Specific pathogen free (SPF) male and female C57BL/6J mice (8 to 12 weeks old, weighing 20∼22g) were purchased from Shanghai SLAC LABORATORY ANIMAL COMPANY. The Fn loxp+/+(Fn Flox) mice were generated in our lab with technical support from the Shanghai Biomodel Organism Science & Technology Development. UBC-cre/ERT2 mice were purchased from Shanghai Biomodel Organism Science & Technology Development. The mice were housed five to six per cage under specific pathogen-free conditions, and the animal housing included a controlled light and dark cycle (12h: 12h), ad libitum food and ultra filtered water, 50–55% humidity, ventilated caging systems and standardized environmental enrichment. Except that the mice used to observe the lifespan were waiting for natural death, all the other surviving mice were euthanized by inhalation of an overdose of sevoflurane after the end of the experiment. All animals were handled in strict accordance with good animal practice as defined by the National Regulations for the Administration of Experimental Animals of China and the National Guidelines for Experimental Animal Welfare of China. Animal protocols and experimental procedures were also approved by the Institutional Animal Care and Use Committee of the University of Fujian Medical University (Ethical Approval Number: 2017-0135).
The propagation of mice
Fn Loxp+ F1 mice were backcrossed with wild C57BL/6J mice, and the offspring were either self-mating or mating with UBC-cre/ERT2 mice to obtain progeny Fn Loxp+/+ and Fn Loxp+Cre+ mice. Fn Loxp+/+ mice were mated with Fn Loxp+Cre+ mice to obtain progeny Fn Loxp+/+Cre+ mice finally. WT, Fn Loxp+ and Fn Loxp+/+Cre+ (Fn KO) mice of the same age and born in the same litter were selected for the study. The mice began intraperitoneal injection of tamoxifen 0.2 mg/g body weight (corn oil with tamoxifen 10 mg/ml) at 4 weeks age for 2 times, interval 2 days. The dietary and defecation habits, changes in body weight and fur, and the fertility status of the three groups mice were observed for 12 months.
Routine blood, biochemical and histological examination
WT, Fn Loxp and Fn KO mice (4 male and 4 females per group) weighing 20–22 g were randomly selected 4 weeks after the tamoxifen injection, and anaesthetized by the intraperitoneal injection of 100–120 µl 0.1% pentobarbital. Blood was collected from the canthal vein, and subjected to routine cytological and biochemical tests. The chest and abdominal wall were dissected along the midline, and the liver, spleen, kidney, heart, lungs, femur and brain were extracted. All tissues were fixed overnight in 10% formalin, embedded in paraffin, sectioned and stained with hematoxylin and eosin as per standard protocols. In addition, the liver and peritoneal blood vessels were also processed for transmission electron microscopy (TEM).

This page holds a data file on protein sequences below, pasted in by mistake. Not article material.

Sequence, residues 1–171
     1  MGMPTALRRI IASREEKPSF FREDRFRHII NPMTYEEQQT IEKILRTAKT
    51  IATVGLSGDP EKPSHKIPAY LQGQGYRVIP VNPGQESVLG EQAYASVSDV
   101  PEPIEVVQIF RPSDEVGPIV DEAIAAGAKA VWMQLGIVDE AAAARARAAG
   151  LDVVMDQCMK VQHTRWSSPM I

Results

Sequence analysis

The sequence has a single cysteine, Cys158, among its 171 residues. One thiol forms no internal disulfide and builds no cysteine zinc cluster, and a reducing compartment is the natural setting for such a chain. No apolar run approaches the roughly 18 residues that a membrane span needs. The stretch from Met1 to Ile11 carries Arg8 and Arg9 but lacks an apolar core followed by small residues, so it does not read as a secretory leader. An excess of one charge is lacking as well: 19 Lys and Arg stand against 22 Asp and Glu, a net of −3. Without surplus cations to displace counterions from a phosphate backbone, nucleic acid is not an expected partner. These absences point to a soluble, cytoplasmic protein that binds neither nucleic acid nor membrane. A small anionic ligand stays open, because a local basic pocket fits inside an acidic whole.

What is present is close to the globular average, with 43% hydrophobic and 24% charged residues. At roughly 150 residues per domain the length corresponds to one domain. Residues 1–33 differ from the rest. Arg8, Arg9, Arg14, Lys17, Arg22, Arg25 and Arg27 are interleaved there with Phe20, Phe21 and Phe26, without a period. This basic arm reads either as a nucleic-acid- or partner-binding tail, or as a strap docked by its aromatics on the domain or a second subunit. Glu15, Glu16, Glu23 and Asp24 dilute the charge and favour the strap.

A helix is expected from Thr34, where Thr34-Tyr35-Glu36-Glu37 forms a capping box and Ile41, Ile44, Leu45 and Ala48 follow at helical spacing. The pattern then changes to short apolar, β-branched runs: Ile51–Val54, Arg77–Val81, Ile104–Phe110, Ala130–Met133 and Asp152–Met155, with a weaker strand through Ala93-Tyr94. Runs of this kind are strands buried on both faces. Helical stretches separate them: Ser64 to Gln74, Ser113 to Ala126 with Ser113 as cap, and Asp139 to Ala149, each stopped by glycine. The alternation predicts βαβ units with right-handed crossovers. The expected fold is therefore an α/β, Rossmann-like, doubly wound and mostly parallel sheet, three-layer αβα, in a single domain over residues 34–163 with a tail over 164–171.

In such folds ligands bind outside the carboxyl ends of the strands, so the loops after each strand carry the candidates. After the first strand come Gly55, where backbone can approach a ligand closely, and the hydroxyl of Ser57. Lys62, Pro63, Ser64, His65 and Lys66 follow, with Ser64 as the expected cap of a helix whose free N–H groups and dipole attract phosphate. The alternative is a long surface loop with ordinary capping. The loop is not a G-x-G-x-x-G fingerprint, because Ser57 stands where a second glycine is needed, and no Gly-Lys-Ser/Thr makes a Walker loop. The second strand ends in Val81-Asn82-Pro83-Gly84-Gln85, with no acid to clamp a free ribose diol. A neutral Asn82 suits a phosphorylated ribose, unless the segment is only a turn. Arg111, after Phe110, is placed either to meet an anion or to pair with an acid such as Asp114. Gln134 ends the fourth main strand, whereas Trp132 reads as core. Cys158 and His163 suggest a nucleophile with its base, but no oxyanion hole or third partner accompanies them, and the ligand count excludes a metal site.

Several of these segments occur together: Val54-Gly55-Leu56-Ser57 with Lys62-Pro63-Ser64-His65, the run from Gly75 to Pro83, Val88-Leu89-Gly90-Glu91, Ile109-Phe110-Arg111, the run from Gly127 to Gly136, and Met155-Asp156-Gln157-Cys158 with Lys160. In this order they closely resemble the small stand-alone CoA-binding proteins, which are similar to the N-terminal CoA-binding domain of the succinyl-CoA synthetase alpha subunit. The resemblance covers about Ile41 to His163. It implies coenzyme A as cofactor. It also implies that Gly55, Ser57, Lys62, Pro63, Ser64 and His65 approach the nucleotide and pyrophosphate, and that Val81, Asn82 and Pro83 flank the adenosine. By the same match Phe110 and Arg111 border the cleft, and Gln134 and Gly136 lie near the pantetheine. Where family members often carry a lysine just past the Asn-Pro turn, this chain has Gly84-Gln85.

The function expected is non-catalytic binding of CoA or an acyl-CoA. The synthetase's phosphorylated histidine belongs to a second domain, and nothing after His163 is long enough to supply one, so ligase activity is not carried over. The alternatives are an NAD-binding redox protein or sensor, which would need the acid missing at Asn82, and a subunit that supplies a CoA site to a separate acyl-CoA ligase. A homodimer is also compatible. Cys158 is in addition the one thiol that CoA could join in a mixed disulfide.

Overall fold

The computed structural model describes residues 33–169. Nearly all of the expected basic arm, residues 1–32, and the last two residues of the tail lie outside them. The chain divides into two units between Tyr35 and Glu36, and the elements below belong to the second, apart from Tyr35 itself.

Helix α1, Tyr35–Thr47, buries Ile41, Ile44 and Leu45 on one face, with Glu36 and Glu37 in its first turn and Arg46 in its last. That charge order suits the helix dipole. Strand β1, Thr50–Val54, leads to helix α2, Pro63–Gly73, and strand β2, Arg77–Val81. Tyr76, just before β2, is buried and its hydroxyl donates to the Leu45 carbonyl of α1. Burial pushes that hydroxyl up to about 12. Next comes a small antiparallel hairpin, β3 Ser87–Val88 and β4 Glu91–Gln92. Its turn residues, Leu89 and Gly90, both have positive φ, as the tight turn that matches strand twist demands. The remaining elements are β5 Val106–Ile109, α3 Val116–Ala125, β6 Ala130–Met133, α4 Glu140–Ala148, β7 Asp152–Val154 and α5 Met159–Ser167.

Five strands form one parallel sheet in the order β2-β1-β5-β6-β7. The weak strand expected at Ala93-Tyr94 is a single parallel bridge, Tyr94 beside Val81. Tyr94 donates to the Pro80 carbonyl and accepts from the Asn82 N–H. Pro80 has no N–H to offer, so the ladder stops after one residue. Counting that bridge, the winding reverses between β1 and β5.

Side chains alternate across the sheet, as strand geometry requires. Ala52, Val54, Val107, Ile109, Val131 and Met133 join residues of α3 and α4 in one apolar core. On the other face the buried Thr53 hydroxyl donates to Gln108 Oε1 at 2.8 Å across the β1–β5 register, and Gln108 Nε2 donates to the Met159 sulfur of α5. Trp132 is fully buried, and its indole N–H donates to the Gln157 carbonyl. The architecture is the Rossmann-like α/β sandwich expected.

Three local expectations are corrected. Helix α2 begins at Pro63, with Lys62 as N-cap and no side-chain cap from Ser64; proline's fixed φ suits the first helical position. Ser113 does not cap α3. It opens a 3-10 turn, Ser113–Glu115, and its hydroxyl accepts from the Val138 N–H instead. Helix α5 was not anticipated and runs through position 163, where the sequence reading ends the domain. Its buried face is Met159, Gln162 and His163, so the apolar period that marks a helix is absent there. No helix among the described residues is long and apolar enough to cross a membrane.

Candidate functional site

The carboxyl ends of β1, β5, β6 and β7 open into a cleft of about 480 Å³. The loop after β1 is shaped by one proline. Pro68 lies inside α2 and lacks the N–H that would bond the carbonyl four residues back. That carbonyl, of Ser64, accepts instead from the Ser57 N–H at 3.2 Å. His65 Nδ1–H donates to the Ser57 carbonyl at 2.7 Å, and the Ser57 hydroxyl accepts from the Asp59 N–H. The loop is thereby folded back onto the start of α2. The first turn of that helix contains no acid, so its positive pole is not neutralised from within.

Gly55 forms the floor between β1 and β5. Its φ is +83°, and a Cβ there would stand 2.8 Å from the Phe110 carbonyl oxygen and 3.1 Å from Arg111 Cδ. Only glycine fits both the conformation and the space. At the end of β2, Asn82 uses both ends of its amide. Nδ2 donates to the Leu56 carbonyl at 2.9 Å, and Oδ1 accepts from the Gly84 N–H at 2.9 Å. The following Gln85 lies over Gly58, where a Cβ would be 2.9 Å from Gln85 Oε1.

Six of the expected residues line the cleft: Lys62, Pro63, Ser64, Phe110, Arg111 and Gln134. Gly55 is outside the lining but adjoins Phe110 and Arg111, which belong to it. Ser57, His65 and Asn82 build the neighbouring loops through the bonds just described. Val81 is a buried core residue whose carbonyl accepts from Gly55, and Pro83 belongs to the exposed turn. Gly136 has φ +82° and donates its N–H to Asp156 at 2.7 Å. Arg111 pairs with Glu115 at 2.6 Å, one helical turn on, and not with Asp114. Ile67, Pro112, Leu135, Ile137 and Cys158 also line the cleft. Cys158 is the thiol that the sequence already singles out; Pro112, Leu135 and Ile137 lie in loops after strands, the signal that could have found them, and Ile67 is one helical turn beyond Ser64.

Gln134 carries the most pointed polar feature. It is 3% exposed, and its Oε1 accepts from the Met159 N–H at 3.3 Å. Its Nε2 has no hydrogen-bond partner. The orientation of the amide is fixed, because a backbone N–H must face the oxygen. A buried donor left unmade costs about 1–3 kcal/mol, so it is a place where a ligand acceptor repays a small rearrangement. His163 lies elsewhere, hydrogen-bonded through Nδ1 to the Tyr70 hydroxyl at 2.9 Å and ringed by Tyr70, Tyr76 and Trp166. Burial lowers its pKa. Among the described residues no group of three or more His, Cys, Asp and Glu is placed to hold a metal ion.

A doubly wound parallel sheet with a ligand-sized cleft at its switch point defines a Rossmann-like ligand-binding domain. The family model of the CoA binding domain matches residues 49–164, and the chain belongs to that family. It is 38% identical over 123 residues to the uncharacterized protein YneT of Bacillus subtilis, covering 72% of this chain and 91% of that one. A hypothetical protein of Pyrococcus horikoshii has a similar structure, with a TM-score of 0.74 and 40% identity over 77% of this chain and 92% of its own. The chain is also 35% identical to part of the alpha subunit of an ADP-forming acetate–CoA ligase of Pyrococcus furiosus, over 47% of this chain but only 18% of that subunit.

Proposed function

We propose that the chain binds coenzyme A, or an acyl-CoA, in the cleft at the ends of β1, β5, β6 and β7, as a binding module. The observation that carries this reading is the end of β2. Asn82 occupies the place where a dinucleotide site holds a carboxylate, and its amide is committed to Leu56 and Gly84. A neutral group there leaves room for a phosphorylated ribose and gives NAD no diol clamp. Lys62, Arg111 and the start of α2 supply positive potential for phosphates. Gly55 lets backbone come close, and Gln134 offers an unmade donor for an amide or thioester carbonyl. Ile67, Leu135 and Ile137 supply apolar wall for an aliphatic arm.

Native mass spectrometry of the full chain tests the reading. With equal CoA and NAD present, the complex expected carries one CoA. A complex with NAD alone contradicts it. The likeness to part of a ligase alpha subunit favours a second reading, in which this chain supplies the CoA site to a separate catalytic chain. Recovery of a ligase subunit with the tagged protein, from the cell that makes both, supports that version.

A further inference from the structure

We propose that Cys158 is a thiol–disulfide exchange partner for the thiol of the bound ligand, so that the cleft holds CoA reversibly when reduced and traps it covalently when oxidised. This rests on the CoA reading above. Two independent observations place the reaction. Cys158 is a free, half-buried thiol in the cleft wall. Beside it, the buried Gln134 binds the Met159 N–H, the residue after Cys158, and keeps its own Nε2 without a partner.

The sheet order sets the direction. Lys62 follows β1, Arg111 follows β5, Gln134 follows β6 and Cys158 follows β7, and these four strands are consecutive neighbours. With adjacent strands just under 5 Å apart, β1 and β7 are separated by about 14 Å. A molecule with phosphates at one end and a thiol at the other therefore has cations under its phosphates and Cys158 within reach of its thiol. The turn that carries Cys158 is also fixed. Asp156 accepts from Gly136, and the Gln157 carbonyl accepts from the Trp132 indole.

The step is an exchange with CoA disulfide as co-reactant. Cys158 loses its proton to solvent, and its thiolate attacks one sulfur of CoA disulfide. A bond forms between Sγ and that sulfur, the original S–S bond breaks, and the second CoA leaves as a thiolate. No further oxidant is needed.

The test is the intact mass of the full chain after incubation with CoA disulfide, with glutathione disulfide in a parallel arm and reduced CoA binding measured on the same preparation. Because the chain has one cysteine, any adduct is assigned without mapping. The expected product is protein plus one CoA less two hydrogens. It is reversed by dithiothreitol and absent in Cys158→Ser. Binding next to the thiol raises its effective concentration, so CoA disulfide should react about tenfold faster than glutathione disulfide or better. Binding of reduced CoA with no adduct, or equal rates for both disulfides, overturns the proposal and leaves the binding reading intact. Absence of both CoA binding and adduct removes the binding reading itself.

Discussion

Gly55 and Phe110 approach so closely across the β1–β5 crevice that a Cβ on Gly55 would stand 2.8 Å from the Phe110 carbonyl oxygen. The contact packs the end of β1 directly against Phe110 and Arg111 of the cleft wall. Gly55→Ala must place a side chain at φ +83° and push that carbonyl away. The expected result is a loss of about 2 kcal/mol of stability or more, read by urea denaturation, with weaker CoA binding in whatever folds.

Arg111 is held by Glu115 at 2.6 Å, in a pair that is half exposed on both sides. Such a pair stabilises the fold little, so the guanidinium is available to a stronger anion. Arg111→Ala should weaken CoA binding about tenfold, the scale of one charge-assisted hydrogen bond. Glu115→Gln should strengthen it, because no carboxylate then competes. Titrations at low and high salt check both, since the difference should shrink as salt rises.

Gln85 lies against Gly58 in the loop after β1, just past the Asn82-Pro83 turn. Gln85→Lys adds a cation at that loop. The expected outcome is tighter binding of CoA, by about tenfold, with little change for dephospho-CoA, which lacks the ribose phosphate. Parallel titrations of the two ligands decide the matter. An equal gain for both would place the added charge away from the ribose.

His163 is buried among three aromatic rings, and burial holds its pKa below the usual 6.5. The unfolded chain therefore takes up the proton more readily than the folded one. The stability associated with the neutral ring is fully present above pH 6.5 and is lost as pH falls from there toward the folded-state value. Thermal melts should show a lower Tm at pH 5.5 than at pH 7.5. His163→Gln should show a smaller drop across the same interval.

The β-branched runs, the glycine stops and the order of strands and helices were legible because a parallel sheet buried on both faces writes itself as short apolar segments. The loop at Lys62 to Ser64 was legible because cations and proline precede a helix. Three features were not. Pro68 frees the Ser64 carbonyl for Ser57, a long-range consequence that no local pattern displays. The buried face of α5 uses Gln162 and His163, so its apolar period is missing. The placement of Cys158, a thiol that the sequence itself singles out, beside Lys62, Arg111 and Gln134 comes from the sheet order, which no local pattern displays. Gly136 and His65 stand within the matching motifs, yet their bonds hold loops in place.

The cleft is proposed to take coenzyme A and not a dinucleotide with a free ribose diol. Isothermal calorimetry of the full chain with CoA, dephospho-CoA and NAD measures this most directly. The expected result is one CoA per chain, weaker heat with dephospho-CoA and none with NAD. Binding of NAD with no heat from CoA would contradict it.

The bone marrows were flushed out, and the spleen was homogenized in PBS. The different homogenates were filtered through a 75 µm mesh after erythrocyte lysis. The Fc receptors on the mononuclear cells were blocked with anti-mouse CD16/32 (BD Pharmingen) antibodies for 10 min, and the cells were then stained with the fluorochrome-conjugated antibodies for 30 min at 4 °C in the dark. After washing twice with PBS, the cells were acquired on a BD FACS Verse flow cytometer (BD Bioscience) and the data was analyzed with FlowJo 10 software.
Tamoxifen (T5648) was purchased from Sigma-Aldrich. The antibodies (Abs) against mouse CD11b-PE, CD4-PE, CD3-APC-Cy™7, CD8a-FITC, CD220-FITC and CD25-FITC, and the isotype control were from BD Pharmingen. The cell staining buffer was purchased from eBiolegend, and PBS and erythrocyte lysis buffer were from Hyclone. The ELISA kit (ab210967) and the antibody (ab23750) against FN were from Abcam.
All data were analyzed using GraphPad Prism6 software. Two groups were compared by Student t test, and P < 0.05 was considered statistically significant. Proportions for categorical variables were compared using the χ2 test. Values are presented as the mean or mean ± SD.
Successful generation of Fn gene conditional knockout mice
Identification and linearization of the Fn1 gene targeting vector, and the results of Hind III digestion, the theoretical band size is 9.8 kb, 5.8 kb and 810bp (810 bp band cannot be displayed because the product is too small) (Figs. 2A, 2B). A total of 144 ES cells resistant clones were obtained, after sequencing the above cloning PCR products, a total of 10 correct homologous recombination positive ES cell clones were obtained. And finally, we got three mice with homologous recombination-positive F1 mice, which were number 7, 14, and 16 respectively, which were confirmed to be Loxp-positive by sequencing. The long-segment PCR identification electrophoresis 5′ homology arm (5′ arm) and 3′ homology arm (3′ arm) are shown in Figs. 2C–2E. The 5′ arm homologous recombination positive clones amplified 4.2 kb and 5.6 kb fragments, while the negative clones amplified only 5.6 kb fragments. 3′ arm homologous recombination positive cloning should amplify the fragment of 4.6 kb and 5.9 kb, while the negative cloning could only amplify the fragment of 5.9 kb. Fn loxP+/+ Cre+ mice were induced by tamoxifen peritoneal injection for 1 week. The PCR analysis suggested that the knockout efficiency was up to 99% in gene level from liver (Fig. 2F). The efficiency of FN knockout was determined by analyzing the levels of the protein in plasma and liver by ELISA and Western blotting, and a 95% reduction was observed (Figs. 2G–2I). In addition, the in situ levels of FN in the vital organs of the Fn KO mice were significantly reduced compared to that in the WT mice, FN immunohistochemical and immunofluorescence staining of liver and kidney indicated that FN expression was decreased significantly in Fn KO mice (Figs. 2J–2Q).
Reproductive ability of Fn KO mice was significantly reduced
No significant changes were seen in the body weight, fur and other physiological indices of three groups of mice even after 12 months of tamoxifen induction. However, the fertility of female Fn KO mice was significantly reduced, the average number of pregnancies per year was significantly reduced, with a litter size of only 1–2, and the neonates showed high rates of malformation and mortality in Fn KO mice, p < 0.0001 (Table 1). The malformed mouse offspring we observed were mainly spinal dysplasia and slender limbs.
|Parameter||WT (n = 6)||Fn Loxp (n = 6)||Fn KO (n = 6)|